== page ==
ابتلای همزمان به اختلال دو قطبی و اختلال شخصیت مرزی: یافته های حاصل از بررسی اپیدمیولوژیک ملی در مورد شرایط مشابه و مصرف الکل
|کد مقاله||سال انتشار||مقاله انگلیسی||ترجمه فارسی||تعداد کلمات|
|34154||2015||11 صفحه PDF||سفارش دهید||محاسبه نشده|
Publisher : Elsevier - Science Direct (الزویر - ساینس دایرکت)
Journal : Comprehensive Psychiatry, Volume 58, April 2015, Pages 18–28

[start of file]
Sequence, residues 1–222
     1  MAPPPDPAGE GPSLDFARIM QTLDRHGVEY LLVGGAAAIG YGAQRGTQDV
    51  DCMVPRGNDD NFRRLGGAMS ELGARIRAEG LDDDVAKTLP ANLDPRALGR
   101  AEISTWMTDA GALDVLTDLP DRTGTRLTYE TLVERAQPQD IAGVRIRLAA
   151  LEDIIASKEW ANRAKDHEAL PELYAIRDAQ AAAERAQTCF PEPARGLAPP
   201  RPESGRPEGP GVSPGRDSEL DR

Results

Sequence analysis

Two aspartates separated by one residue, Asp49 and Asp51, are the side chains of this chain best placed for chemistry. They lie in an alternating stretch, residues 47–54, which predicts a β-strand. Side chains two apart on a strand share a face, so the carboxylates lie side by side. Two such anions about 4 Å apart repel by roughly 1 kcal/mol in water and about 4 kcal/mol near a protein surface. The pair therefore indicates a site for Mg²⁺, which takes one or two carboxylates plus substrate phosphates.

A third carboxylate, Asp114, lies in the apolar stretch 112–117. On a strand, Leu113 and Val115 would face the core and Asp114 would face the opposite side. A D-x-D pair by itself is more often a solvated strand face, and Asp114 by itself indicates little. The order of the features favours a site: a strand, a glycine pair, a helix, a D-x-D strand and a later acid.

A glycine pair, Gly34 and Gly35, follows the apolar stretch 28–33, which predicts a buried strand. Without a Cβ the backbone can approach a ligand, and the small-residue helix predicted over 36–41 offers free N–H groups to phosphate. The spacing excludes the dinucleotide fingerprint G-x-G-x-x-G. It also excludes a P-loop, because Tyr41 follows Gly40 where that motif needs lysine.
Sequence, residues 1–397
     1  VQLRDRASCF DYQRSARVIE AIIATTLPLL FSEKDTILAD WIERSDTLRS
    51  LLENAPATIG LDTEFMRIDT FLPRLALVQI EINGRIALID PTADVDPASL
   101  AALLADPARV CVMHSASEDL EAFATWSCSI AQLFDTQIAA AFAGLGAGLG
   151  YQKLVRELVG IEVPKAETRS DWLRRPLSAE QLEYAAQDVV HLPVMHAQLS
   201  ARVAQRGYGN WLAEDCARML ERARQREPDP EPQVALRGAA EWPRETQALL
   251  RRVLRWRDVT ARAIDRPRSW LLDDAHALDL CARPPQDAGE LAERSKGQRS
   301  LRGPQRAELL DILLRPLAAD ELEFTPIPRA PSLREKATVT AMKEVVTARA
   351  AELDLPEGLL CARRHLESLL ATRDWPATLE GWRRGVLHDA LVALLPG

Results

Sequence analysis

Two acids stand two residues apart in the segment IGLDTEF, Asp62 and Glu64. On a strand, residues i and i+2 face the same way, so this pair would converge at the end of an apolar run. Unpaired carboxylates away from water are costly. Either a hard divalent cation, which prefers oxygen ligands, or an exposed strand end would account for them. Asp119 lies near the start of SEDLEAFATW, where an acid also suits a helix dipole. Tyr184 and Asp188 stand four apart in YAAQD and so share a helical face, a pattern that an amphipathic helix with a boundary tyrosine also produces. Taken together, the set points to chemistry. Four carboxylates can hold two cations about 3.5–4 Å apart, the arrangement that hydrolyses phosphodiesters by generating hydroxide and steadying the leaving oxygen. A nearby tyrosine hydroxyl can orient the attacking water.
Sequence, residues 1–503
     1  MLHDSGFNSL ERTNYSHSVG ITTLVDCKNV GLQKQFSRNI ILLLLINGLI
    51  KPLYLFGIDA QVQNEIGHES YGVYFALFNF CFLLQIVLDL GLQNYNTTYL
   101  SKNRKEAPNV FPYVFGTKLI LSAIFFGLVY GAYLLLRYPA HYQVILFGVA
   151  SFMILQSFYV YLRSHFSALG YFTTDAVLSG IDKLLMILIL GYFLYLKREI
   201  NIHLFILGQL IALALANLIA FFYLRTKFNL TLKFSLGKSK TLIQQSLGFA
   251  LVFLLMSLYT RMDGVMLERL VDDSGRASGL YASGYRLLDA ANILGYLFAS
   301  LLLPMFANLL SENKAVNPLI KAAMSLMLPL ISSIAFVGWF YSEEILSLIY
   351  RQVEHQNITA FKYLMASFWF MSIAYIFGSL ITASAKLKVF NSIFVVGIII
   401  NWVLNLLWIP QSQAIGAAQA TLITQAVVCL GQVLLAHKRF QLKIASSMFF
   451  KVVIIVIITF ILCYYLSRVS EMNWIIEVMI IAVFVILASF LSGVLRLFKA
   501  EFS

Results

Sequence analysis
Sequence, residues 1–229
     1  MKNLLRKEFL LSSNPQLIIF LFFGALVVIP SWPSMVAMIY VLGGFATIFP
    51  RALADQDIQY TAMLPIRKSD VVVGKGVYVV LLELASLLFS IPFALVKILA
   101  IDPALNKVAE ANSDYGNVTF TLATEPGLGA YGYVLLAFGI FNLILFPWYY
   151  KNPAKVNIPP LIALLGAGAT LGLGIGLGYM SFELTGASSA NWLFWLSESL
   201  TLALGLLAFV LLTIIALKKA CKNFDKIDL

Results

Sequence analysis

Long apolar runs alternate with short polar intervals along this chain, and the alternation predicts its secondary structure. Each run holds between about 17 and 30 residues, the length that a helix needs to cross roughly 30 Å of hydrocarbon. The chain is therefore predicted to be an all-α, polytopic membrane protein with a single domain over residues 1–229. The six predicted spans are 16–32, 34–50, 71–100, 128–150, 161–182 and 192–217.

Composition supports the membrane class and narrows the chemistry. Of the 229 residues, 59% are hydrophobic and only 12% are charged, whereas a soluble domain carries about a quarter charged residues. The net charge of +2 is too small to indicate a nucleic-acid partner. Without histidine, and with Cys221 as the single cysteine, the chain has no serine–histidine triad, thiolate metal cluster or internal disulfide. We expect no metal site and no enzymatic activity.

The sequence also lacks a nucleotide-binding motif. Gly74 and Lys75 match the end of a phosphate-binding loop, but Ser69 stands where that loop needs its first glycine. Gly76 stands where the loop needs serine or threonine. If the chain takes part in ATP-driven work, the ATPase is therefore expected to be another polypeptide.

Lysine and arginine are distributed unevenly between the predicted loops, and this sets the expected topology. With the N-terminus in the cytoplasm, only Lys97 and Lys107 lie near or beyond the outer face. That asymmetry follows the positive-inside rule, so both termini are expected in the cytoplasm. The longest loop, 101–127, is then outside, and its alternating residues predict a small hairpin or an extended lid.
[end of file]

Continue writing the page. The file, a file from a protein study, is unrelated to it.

Objectives Clinical studies suggest a high co-morbidity rate of borderline personality disorder (BPD) with bipolar disorder (BD). This study examines the prevalence and correlates of BPD in BD (I and II) in a longitudinal population-based survey. Methods Data came from waves 1 and 2 (wave 2: N = 34,653, 70.2% cumulative response rate; age ≥20 years) of the National Epidemiologic Survey on Alcohol and Related Conditions (NESARC). Lay interviewers conducted in person interviews using the Alcohol Use Disorders and Associated Disabilities Interview (AUDADIS-IV), a reliable diagnostic tool of psychiatric disorders based on DSM-IV criteria. Subjects with BD I (n = 812), BD I/BPD (n = 360), BD II (n = 327) and BD II/BPD (n = 101) were examined in terms of sociodemographics, mood, anxiety, substance use and personality disorder co-morbidities and history of childhood traumatic experiences. Results Lifetime prevalence of BPD was 29.0% in BD I and 24.0% in BD II. Significant differences were observed between co-morbid BD I/II and BPD versus BD I/II without BPD in terms of number of depressive episodes and age of onset, co-morbidity, and childhood trauma. BPD was strongly and positively associated with incident BD I (AOR = 16.9; 95% CI: 13.88–20.55) and BD II (AOR = 9.5; 95% CI: 6.44–13.97). Conclusions BD with BPD has a more severe presentation of illness than BD alone. The results suggest that BPD is highly predictive of a future diagnosis of BD. Childhood traumatic experiences may have a role in understanding this relationship.